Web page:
Day: End the myth of absent black fathers
As Father’s Day approaches, it seems as good a time as any to ether an old myth in American political discourse.
The tale is a familiar one: black fathers, having no stomach for the hard labor of parenting, abandon their children in vast and unrivaled proportions.
The claim is often used as evidence of the black community’s rampant dysfunction and broader cultural decline.
As ambition takes hold of those who cling to this belief, it then spirals into a wildly incoherent justification for the black community’s economic hardship.
As a general rule, I tend to assume that public thinkers who pursue this line of argument are doing so in bad faith. Despite this, it should be engaged on the slight chance that we might someday leave it to the dustbin of history. Exposing the myth, it turns out, requires remarkably little effort.
Indeed, a 2013 CDC report found that across a range of daily measurements including reading to, playing and eating meals with their children black fathers’ rates of participation exceeded that of any other group of fathers.
Black fathers — like all fathers — are certainly capable of less than ethical behavior, but as parents they’re outperforming their counterparts. Thus, both the nation’s most recited and least compelling argument for the black community’s economic misery is reduced to rubble. We can now say with total certainty that this line of argument is the intellectual backwater of the world’s most vulgar propagandists.
But it’s important to note that it didn’t recently morph into full-blown mythic status. It has always been the fruit of spectacular historical forgery.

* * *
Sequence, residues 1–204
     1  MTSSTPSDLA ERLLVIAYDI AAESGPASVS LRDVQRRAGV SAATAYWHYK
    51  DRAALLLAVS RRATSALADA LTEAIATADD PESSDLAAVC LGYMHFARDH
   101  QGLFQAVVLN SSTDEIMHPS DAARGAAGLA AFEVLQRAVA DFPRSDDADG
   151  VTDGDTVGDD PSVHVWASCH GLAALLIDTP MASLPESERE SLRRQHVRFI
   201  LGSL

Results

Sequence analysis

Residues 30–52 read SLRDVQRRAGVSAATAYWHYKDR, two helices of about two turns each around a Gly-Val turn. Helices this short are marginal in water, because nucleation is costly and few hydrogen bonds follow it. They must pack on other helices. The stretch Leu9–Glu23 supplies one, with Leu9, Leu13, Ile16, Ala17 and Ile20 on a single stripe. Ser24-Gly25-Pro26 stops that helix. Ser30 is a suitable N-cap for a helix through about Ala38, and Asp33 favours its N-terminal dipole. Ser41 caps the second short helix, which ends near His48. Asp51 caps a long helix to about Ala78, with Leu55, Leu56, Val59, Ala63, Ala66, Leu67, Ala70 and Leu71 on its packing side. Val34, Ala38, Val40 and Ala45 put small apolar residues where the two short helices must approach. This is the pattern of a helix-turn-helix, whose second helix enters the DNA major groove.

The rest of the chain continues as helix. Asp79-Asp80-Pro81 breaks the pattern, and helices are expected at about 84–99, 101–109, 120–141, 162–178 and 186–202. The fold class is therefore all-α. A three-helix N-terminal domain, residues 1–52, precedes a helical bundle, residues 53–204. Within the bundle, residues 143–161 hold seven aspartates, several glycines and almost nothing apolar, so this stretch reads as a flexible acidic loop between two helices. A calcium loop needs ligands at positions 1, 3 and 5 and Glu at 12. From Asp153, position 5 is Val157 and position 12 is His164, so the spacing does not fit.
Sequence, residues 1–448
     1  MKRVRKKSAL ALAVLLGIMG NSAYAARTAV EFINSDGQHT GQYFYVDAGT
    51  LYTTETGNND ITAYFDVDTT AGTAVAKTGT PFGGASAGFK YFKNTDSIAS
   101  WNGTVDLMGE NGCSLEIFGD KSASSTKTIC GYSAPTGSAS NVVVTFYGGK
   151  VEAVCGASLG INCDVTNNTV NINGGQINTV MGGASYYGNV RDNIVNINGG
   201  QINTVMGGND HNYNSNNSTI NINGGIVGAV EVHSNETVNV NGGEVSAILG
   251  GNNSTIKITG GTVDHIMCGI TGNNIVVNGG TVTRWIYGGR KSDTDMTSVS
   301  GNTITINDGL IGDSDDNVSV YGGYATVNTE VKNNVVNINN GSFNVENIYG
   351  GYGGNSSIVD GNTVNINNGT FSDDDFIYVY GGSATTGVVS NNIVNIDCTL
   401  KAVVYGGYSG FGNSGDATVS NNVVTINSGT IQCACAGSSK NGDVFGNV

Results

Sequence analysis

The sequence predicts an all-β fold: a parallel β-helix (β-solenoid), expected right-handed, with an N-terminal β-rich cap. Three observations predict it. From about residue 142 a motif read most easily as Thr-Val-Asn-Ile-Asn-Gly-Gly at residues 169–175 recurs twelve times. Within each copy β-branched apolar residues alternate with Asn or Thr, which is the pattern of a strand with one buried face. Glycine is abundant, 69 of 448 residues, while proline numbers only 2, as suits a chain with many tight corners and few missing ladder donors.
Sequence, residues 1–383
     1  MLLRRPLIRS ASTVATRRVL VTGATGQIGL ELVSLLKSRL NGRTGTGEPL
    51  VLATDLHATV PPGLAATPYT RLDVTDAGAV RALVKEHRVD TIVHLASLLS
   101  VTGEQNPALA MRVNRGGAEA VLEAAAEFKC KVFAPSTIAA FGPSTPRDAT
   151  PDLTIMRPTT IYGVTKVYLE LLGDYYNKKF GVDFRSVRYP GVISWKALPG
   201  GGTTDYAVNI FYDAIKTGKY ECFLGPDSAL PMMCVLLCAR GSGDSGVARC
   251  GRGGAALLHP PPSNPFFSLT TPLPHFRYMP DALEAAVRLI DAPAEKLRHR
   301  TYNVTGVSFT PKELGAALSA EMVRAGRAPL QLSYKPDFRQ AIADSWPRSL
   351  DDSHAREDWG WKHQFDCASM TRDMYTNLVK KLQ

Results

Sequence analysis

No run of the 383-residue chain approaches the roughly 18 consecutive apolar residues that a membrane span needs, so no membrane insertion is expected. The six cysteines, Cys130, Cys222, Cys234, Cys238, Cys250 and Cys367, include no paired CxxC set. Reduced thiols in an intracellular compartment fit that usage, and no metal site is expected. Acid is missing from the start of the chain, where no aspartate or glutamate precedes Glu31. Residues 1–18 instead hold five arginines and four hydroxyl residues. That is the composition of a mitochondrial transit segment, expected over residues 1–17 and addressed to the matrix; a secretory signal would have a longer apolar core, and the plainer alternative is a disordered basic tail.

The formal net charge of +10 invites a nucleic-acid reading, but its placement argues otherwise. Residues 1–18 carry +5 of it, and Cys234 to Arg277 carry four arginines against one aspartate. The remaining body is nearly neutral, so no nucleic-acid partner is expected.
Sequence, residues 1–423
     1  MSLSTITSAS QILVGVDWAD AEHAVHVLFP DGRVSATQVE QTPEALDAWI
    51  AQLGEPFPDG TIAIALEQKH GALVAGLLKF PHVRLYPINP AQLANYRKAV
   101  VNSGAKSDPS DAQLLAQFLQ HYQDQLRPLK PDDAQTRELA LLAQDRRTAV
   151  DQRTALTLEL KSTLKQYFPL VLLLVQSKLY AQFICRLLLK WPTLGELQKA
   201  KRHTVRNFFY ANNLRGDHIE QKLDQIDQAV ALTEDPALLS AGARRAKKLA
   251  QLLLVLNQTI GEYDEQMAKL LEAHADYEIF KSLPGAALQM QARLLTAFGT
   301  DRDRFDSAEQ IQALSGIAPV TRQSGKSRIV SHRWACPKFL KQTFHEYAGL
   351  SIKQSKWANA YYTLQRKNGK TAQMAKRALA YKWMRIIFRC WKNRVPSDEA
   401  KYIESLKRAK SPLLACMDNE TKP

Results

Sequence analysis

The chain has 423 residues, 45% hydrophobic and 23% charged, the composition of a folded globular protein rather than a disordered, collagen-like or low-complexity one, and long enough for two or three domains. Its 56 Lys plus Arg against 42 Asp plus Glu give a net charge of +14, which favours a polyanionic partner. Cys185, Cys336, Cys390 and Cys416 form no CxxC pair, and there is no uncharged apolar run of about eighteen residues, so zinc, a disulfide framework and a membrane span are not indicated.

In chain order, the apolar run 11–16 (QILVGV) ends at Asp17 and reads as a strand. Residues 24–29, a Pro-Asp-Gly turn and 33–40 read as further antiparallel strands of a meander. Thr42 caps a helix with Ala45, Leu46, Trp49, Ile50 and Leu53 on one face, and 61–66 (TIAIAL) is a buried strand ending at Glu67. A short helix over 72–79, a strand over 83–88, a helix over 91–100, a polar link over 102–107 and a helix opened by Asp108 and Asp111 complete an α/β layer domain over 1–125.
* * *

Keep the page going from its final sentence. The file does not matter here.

Context is important. The idea that two-parent households could somehow secure black families against economic misery is convenient nostalgia. Throughout the 20th century the preponderance of black communities lived in squalor compared to the rest of their country. Family stability and vague notions of “high moral conduct” did not save them from the skullduggery of American white supremacy. Entire communities were subject to racist plunder, and public policy was the author of this devastation.
Housing, education and job discrimination plundered black wealth in concert with Jim Crow’s plunder of their rights to citizenship. All the while, mass incarceration, whose history we severely underappreciate, was hard at work plundering black bodies.
A brief note on that. For starters, any discussion about America’s social condition that ignores the devastating legacy of mass incarceration really should be dismissed as deeply unserious.
Of the 1.5 million “missing” black men between the ages of 25 and 54, nearly 600,000 of them are incarcerated. Early death accounts for a great many others. This is all the more relevant in cities like Detroit where “million dollar blocks” — neighborhoods whose incarcerated population costs at least $1 million to lock up — are a staple of many communities. Six hundred thousand black men and women haven’t magically disappeared. They’ve been plundered from their communities.
The destruction of entire communities and the evisceration of generations of wealth was the predictable outcome of these policy choices. This is all available in the public record and easy to find for those who bother to look. Culture is wholly irrelevant here, something understood by everyone who even pretends to be serious.
One might expect that the myth being so thoroughly pulverized, it might forever perish from our national conversation. But this ignores our appetite for fiction.
Abstract thought experiments about moral conduct let us off the hook for our history of democratically authorized plunder. Such is the politics of misdirection, the fine art of changing the subject to avoid ever having a relevant conversation.
Eli Day is a staff writer for JustLeadershipUSA who writes about politics, public policy and social issues.